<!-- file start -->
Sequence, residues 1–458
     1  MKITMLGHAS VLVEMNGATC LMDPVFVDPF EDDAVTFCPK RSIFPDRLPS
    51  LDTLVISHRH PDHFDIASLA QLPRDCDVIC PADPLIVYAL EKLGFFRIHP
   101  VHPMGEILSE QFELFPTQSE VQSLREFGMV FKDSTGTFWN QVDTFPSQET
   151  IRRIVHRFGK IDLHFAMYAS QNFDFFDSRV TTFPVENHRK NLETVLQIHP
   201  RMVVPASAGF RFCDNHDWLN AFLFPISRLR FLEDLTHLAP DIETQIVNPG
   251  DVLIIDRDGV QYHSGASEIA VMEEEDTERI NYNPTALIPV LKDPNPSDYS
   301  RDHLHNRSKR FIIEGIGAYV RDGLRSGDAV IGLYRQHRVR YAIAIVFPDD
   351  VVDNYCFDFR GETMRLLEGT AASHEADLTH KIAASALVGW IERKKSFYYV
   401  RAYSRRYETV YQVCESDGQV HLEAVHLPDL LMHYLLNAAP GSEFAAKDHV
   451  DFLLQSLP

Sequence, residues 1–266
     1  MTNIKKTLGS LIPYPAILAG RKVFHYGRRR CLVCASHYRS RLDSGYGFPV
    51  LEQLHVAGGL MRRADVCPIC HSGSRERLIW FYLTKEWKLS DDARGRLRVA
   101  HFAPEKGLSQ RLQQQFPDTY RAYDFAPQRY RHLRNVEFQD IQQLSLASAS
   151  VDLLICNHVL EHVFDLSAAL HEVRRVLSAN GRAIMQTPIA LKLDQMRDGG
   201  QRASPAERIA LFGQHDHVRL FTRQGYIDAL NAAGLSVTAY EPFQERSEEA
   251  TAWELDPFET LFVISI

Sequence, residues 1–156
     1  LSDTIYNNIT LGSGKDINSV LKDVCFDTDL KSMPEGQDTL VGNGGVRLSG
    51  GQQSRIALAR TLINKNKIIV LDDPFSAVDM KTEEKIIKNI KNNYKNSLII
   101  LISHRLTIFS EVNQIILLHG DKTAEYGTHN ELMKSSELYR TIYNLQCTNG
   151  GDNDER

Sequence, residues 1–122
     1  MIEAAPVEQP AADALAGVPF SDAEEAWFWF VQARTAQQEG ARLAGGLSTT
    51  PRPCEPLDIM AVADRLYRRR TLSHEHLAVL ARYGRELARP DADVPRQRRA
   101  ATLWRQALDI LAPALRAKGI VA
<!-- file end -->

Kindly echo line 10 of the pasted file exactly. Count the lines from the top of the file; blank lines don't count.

   401  RAYSRRYETV YQVCESDGQV HLEAVHLPDL LMHYLLNAAP GSEFAAKDHV